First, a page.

13:26 There may be a distant echo of Ps 107:20 in v. 26. In any event, it is a key verse, linked directly with the reference to God’s sending the promised “Savior” Jesus in v. 23. That had been the whole point of the opening section of Paul’s sermon—God’s mercy to Israel from the patriarchs to David, especially as epitomized in the promise to David that he would send a descendant whose kingdom would have no end.33 Now that promise had been fulfilled in the Savior Jesus; now that message of salvation had been sent. Jesus was the Son of David; it was above all to David’s own people, the people chosen in Abraham (v. 17), the Jews, that God had sent the Messiah and the message of salvation in him. Paul addressed a synagogue consisting of Jewish listeners and devout God-worshiping Gentiles who identified closely with the Jewish faith and looked to the promises given to Israel. The tragedy of this speech would be that the Jews, the very ones to whom the Messiah had first been sent, would ultimately reject this message of salvation (13:45f.).
13:27–28 Verses 27–31 tell the story of Jesus’ rejection, death, and resurrection in the basic kerygmatic form already familiar from Peter’s speeches earlier in Acts. The people of Jerusalem, and especially their rulers, did not recognize Jesus as their God-sent Messiah. What they did to him was done in ignorance (cf. 3:17). And yet, in condemning him to death, they unknowingly fulfilled the prophecies that the Messiah must suffer and die (cf. Luke 24:46; Acts 3:18). The irony of it all was that they were the very ones who should have understood who Jesus was, who read those very prophecies in their synagogues every sabbath (v. 27b). Paul highly compressed his summary. His reference to their finding no real legal basis for the death penalty (v. 28a) recalls Pilate’s protest of Jesus’ innocence (cf. Luke 23:4; Acts 3:13).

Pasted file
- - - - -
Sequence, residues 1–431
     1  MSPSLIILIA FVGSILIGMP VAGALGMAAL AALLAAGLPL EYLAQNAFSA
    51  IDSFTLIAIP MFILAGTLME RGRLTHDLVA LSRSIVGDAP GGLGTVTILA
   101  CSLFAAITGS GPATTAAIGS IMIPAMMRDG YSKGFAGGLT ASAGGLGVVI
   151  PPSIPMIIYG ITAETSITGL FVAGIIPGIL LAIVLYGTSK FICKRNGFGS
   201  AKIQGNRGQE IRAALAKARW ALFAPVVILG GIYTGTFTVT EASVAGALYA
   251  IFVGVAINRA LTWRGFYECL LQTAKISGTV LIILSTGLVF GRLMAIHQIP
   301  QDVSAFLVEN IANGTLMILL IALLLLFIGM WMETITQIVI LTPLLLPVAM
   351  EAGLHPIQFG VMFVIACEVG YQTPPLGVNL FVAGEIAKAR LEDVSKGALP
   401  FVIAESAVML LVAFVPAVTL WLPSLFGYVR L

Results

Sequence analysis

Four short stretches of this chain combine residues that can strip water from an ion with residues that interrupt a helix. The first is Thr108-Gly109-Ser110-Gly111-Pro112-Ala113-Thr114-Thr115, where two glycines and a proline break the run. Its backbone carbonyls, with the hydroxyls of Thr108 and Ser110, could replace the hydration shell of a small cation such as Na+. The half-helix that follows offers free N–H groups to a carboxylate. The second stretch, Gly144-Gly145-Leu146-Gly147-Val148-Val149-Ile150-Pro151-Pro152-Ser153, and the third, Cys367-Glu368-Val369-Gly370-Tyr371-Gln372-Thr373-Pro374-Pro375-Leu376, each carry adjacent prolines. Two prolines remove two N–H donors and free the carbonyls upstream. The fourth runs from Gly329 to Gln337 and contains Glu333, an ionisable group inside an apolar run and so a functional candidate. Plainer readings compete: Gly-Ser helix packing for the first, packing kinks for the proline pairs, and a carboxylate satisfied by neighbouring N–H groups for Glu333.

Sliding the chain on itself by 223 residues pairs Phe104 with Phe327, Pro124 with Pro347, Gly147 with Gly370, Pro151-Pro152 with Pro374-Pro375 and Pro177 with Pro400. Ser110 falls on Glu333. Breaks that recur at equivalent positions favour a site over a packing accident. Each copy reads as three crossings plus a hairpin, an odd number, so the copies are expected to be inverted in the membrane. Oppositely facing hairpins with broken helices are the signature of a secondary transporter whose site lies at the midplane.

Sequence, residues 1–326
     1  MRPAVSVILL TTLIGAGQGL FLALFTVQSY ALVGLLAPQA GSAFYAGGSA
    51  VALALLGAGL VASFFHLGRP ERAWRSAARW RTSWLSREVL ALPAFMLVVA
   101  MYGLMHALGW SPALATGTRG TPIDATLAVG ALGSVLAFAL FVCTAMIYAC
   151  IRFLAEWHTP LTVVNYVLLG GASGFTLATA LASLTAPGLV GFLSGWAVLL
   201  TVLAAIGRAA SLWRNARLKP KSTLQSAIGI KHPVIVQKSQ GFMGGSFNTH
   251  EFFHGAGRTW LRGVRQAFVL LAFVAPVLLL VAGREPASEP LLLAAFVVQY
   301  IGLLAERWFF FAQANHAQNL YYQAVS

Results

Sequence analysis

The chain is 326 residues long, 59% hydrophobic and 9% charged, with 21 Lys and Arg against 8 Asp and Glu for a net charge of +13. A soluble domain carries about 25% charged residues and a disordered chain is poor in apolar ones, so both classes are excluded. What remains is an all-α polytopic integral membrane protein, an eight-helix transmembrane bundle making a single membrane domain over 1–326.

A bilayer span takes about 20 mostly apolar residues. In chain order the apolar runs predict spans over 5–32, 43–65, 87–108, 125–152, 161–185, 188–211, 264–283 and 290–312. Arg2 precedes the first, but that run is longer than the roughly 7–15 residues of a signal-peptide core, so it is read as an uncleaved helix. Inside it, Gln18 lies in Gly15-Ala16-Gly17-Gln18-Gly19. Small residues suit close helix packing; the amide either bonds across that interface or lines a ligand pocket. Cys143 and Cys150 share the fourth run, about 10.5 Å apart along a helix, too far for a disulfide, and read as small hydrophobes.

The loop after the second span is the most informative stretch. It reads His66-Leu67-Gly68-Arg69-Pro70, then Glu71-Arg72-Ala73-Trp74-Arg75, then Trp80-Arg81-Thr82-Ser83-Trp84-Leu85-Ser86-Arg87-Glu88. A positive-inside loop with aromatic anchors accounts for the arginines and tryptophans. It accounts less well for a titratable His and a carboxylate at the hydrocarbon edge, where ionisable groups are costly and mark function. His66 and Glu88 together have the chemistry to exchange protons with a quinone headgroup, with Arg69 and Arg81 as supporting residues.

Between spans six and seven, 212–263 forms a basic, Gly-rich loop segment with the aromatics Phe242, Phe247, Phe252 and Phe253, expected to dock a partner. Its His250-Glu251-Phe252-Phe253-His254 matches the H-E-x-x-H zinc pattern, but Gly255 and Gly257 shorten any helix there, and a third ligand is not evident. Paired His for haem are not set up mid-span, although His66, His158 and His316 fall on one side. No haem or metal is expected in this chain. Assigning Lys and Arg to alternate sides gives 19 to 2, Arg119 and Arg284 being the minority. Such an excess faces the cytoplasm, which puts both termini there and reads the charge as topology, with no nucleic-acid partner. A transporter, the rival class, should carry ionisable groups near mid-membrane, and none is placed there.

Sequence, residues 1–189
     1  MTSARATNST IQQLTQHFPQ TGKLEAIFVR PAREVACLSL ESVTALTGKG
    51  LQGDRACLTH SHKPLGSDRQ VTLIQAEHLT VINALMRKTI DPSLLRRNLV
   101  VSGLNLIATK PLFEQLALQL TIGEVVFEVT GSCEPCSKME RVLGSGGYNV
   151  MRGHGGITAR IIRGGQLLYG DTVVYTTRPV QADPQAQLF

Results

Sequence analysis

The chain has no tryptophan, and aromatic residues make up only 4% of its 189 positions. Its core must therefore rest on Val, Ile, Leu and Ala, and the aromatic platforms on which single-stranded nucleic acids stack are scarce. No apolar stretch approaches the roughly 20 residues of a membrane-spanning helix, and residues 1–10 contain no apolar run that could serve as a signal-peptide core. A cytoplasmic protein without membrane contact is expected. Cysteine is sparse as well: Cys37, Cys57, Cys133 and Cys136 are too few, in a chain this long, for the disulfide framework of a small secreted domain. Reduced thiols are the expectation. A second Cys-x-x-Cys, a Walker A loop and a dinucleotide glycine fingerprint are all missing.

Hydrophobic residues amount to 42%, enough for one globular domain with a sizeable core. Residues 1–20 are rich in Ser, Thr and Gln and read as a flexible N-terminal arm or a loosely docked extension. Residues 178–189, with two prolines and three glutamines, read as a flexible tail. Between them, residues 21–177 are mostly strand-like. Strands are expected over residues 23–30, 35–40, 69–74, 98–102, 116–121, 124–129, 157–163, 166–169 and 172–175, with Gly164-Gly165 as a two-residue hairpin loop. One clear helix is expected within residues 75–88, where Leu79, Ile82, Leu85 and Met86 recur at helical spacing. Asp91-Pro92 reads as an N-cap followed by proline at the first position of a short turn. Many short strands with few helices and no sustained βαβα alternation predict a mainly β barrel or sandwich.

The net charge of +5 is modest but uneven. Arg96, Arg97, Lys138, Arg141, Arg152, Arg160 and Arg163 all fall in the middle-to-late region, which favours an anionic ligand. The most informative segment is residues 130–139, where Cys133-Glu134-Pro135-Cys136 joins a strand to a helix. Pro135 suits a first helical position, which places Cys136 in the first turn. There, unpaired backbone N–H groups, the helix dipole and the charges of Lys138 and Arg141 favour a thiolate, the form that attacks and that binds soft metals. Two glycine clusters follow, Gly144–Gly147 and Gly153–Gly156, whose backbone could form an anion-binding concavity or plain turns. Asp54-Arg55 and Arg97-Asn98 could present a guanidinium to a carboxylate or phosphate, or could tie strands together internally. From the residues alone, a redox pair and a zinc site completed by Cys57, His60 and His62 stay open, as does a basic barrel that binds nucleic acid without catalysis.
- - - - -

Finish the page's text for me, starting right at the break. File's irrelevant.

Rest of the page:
13:29–30 Verses 29–30 complete the gospel summary, noting that the Jews of Jerusalem fulfilled all that the prophets had written concerning his suffering and death.34 Like Peter, Paul referred to Christ’s crucifixion as hanging on “a tree” (5:30; 10:39; Gal 3:13). His compression of the story is particularly evident in his referring to “their” taking him down from the cross and laying him in the tomb, which could be taken to refer to the Jews of Jerusalem. The reference is, of course, to Joseph of Arimathea (Luke 23:53) and Nicodemus (John 19:38–42). The removal of the body and its placement in the tomb underlines the full reality of the death of Christ. He was dead and buried (cf. 1 Cor 15:4). This heightens the contrast with the next statement: God raised him from the dead.35 The emphasis on the burial also prepares for the explanation of Ps 16:10 in vv. 34–37. It is the contrast between the seeming defeat of the cross and the victory of the resurrection so familiar in Peter’s speeches: “You killed him but God raised him” (cf. 2:24; 3:15; 4:10; 5:30; 10:39f.).